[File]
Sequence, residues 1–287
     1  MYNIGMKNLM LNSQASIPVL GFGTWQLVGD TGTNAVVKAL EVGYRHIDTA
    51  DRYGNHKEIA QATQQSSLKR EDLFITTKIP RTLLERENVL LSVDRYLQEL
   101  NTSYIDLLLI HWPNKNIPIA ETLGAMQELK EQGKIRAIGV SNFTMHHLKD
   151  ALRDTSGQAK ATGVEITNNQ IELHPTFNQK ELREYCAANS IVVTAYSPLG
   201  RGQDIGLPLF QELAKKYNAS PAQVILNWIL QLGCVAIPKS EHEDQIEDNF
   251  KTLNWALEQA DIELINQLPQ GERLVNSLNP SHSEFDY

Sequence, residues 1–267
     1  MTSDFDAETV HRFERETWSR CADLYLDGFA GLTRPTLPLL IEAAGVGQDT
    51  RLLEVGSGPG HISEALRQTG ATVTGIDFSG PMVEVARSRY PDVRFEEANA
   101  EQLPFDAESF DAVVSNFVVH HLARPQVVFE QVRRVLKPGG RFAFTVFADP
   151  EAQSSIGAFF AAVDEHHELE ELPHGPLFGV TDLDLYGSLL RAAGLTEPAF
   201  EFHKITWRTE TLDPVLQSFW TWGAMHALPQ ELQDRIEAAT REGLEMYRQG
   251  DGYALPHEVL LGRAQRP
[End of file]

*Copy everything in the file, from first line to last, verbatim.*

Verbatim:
Sequence, residues 1–287
     1  MYNIGMKNLM LNSQASIPVL GFGTWQLVGD TGTNAVVKAL EVGYRHIDTA
    51  DRYGNHKEIA QATQQSSLKR EDLFITTKIP RTLLERENVL LSVDRYLQEL
   101  NTSYIDLLLI HWPNKNIPIA ETLGAMQELK EQGKIRAIGV SNFTMHHLKD
   151  ALRDTSGQAK ATGVEITNNQ IELHPTFNQK ELREYCAANS IVVTAYSPLG
   201  RGQDIGLPLF QELAKKYNAS PAQVILNWIL QLGCVAIPKS EHEDQIEDNF
   251  KTLNWALEQA DIELINQLPQ GERLVNSLNP SHSEFDY

Sequence, residues 1–267
     1  MTSDFDAETV HRFERETWSR CADLYLDGFA GLTRPTLPLL IEAAGVGQDT
    51  RLLEVGSGPG HISEALRQTG ATVTGIDFSG PMVEVARSRY PDVRFEEANA
   101  EQLPFDAESF DAVVSNFVVH HLARPQVVFE QVRRVLKPGG RFAFTVFADP
   151  EAQSSIGAFF AAVDEHHELE ELPHGPLFGV TDLDLYGSLL RAAGLTEPAF
   201  EFHKITWRTE TLDPVLQSFW TWGAMHALPQ ELQDRIEAAT REGLEMYRQG
   251  DGYALPHEVL LGRAQRP